The Fallowing – The Second, Part VII

Novel: Occult adventure

I climbed the front steps with caution, aware that each one was possibly leading to my doom. I turned the knob and pushed the door open with one hand, my other hand itching to take out my pistol but my mind fully aware that that would do no good. The monster would simply take it from me.

The front room was empty – of people anyway. The yellow light was coming from the next room, the kitchen area. I went forward, well aware of the noise every step I took made in the trash on the floor. In the dim light, the place felt more claustrophobic than ever. The boxes and magazines and broken furniture lining the walls felt like they were closing in on me the further I entered the house.

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The Fallowing – The Second, Part VI

Novel: Occult adventure

That night I walked down Copper Street, heading again towards Marx’s house. It seemed half the population was out in the street, shifting suspicious glances at each other and especially at me, looking over my coat and rifle, appraising how much Gehazi would give for them. Several fires were blazing in trash cans or in piles right on the ground. Usually one person to a fire, and over the ones that were shared the people stared at each other, distrusting as if one or the other would steal the fire itself.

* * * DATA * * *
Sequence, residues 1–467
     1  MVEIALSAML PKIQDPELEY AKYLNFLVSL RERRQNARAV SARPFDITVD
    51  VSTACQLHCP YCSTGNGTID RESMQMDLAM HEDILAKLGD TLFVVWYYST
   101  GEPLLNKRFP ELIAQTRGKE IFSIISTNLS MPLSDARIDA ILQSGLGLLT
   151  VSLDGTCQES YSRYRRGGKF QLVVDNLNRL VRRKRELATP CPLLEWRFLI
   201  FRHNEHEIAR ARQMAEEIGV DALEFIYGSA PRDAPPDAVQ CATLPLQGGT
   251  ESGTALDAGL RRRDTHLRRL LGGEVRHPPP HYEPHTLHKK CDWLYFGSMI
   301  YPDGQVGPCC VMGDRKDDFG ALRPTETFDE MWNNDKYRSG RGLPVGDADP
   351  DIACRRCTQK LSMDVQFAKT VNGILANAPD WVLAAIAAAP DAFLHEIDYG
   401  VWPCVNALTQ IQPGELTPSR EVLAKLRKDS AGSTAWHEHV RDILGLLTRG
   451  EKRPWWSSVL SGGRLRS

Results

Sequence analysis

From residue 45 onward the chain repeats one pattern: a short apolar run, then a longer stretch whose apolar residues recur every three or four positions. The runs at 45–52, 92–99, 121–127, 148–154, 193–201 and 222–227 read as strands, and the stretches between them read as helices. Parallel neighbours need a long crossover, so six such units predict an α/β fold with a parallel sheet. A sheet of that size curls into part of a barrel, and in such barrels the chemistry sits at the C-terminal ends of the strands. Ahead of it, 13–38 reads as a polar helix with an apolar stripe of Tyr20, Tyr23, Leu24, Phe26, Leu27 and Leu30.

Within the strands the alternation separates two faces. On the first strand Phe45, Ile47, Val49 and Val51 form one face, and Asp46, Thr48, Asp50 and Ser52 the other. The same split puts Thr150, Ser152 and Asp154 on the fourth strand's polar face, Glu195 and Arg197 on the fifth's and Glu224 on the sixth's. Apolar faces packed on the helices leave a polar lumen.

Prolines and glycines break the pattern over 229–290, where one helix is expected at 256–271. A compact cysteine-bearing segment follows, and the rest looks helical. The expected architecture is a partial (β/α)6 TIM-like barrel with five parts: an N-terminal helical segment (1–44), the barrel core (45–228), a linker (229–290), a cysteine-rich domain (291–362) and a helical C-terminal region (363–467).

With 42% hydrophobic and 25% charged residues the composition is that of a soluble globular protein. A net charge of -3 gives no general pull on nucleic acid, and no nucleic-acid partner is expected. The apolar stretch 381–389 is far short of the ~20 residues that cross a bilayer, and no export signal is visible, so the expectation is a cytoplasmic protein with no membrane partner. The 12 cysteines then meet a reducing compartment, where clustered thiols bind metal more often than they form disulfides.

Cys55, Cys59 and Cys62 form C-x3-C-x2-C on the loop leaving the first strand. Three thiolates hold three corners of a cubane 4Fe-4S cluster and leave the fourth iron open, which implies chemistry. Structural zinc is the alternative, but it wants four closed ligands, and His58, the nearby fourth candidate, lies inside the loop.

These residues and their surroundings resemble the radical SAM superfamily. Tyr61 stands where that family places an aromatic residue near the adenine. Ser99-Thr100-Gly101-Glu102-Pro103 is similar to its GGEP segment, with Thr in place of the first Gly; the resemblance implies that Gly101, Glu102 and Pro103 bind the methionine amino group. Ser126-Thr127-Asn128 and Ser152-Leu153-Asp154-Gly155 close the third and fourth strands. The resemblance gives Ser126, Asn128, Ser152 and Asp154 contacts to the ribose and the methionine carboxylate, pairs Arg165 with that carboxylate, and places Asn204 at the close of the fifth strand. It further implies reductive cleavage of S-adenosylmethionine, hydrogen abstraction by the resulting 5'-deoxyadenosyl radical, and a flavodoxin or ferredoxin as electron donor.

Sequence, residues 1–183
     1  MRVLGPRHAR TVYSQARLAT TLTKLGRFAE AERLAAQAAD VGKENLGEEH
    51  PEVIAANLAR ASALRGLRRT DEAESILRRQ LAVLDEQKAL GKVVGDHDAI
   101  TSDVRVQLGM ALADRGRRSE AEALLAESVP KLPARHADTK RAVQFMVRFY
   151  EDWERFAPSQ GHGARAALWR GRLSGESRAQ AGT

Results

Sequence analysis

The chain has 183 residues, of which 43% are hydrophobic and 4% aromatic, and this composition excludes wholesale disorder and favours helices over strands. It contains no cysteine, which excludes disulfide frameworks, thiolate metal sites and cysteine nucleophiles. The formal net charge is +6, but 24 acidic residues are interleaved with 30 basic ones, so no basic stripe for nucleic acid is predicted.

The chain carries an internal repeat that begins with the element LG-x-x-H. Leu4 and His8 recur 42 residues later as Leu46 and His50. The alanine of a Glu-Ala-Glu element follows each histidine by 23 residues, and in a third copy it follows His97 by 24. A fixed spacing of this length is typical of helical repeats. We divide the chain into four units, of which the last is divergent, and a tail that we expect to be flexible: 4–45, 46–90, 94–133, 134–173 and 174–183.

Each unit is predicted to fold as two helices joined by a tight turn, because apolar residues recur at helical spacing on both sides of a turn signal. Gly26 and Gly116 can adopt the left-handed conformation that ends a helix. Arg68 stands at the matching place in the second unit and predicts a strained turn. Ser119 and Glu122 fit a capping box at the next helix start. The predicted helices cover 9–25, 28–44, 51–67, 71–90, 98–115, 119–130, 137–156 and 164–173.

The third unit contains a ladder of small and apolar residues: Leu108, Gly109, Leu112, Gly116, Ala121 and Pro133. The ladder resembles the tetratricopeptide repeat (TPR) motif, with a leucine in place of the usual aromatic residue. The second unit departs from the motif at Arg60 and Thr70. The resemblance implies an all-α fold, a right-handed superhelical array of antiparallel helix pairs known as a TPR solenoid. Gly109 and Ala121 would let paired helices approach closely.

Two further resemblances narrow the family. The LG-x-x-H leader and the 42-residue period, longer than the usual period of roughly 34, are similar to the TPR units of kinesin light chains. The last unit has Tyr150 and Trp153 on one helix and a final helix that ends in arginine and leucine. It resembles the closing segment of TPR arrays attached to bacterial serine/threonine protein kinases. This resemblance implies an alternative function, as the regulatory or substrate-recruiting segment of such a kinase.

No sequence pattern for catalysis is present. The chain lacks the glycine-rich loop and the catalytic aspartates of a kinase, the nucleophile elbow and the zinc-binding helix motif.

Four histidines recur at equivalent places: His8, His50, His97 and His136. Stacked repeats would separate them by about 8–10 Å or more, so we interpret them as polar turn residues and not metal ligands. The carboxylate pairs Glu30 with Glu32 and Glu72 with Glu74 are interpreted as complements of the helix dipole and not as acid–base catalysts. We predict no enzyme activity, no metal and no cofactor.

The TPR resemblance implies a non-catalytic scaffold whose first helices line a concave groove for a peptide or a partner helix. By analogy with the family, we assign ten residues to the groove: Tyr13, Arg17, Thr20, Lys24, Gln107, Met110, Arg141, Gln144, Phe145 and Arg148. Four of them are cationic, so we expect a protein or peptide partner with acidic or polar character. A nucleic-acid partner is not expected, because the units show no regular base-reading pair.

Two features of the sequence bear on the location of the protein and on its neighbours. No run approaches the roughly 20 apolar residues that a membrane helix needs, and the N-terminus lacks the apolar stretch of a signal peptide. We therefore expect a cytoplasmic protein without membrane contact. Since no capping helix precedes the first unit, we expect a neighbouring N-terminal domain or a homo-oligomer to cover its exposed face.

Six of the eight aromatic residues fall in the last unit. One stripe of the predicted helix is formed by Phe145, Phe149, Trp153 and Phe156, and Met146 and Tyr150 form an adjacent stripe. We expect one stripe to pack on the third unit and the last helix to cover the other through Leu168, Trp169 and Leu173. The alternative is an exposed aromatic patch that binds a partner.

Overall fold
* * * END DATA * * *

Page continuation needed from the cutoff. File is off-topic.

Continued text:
A woman shuffled into my path. She was covered in rags hanging off and around her in strips. A large tattered hole was on her left shoulder and the skin showed through blue from the cold, but she didn’t seem to notice. Her face was young, but filthy. Her eyes were heavy with exhaustion.

She smiled at me. “Your gloves are filthy, ma’am. Might I take them off you? They can’t be doing you any good.”

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The Fallowing – The Second, Part V

This was a write-to-get-out-of-writer’s-block session, so meh.

Novel: Occult adventure

We changed inns that day. Nothing more or less fancy than Ravens, as we couldn’t afford more and less would have been filled with fodder for what we were hunting. We couldn’t afford to be spotted.

I brooded over my beer, frowning at Sam. “So are you going to tell me why we gave away a perfectly good knife and watch?”

“We were there,” Sam answered. “In his belongings.”

“The garbage?”

“The owner of the garbage. He considers every one of his followers his. I want him to know we were there, messing with what’s his.”

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